In economics, supply refers to a specific amount of goods that different firm owners present at different prices in the market for sale. The demand and supply of products are strongly related. The employers decide for the amount of product yield at fixed price according to its demand. As Roger A. Arnold says,
“Supply is the mutual relationship between priceof a particular good and its quantity whicha firm is ready to sale at that price.” 
Just like elasticity of demand, the elasticity of supply is much valued in economics. The prices of products influence their supply.
“In the supply of any product, that ratio of change is consideredwhich is caused by the fluctuation in price of that product.” 
The elasticity of supply of all the goods is not consistent but it is relative to their prices. Sometimes a minimal variation in the price of any product marks a considerable change in their supply. All such products are called highly elastic able products like those which can be stocked for a long span of time, have more elasticity of supply. Unlike, the edibles and other daily usecommodities have less elasticity of supply.
Partial economics and Fiqh Hanafi
Economic needs and utility
Islam recognizes the basic needs of mankind and teaches to fulfill them but also supports moderation in expenses and counts excessive spending in extravagance which is prohibited in Islam. Fiqh Hanafi has stratified human needs into five units in the light of Islamic teachings along with the legal orders attached to them.
Need is another name for impulse. The existence of mankind on earth is not possible without the availability of basic needs. A man works day and night for their completion. It includes food, clothes and house. Need is something we cannot live without. Ahmad Bin Muhammad ul Mehvi Makki describes need in such a way,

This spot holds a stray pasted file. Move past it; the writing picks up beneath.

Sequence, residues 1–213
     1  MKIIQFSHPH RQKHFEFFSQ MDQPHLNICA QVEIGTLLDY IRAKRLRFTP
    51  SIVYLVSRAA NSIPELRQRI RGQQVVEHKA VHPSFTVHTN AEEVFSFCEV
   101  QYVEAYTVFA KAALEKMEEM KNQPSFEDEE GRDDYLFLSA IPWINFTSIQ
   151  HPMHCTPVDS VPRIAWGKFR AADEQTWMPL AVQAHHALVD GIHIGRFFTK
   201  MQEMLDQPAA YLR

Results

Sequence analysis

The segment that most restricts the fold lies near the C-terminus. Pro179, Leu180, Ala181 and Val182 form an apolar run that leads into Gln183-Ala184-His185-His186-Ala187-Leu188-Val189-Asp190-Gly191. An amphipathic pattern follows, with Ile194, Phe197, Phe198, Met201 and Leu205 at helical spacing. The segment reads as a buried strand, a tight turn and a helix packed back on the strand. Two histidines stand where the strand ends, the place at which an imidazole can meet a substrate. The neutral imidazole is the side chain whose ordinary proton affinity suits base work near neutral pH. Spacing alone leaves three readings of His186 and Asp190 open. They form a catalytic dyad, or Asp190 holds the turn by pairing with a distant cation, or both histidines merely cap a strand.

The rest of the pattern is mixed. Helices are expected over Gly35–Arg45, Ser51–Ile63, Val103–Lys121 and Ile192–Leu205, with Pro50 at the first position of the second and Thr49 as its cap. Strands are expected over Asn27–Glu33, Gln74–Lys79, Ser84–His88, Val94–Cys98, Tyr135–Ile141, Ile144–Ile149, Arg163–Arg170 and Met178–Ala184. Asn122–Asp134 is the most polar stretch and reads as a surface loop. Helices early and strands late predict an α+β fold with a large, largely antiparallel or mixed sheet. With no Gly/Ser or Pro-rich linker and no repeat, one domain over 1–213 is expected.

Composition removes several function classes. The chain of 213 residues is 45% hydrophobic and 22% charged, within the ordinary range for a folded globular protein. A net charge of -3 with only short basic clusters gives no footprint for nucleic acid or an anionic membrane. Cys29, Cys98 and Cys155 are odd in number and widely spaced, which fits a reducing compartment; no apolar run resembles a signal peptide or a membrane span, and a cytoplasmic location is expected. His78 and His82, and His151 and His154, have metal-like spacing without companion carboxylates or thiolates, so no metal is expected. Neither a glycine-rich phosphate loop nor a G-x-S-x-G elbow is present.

“Need is when a condition leads to a point where someone fears to starving to death, he is allowed to eat prohibited food.’’ 
It means if a person does not have any food source and he is starving to deaththen according to Imam, he is allowed to eat forbidden food. Al Shaykh Ahmad Raza explains need as,
“Need is what is impossible to live withoutlike ‘Hajritad Khalah’; a minimum space to live in,‘luqimat e yaqmansalbah’;to eat to the minimum requirement of the body to perform obligations and ’harqataraiaurah’; a piece of clothto hide the body. These are obligatory.” 
This argument of Al Sheikh Ahmad Raza clarifies the human needs to be food, clothes and a place to live which are compulsory for man.
Requirements include such necessities without which life is possible but difficult. According to Al Shaykh Ahmad Raza,
“Requirements are such needs which are hard to live without.” 
It is explained by Syed Hamvi as,
“It is when a person is suffering from hunger but not starving to death.’’ 
Al Shaykh Ahmad Raza explains this,
“Requirement is what is hard to live without likea place that gives shelter from all the calamities, food that provides enough energy to fulfill liabilitiesand clothes that shield the body. These are mandatory and come under muakkadah sunnahs.’’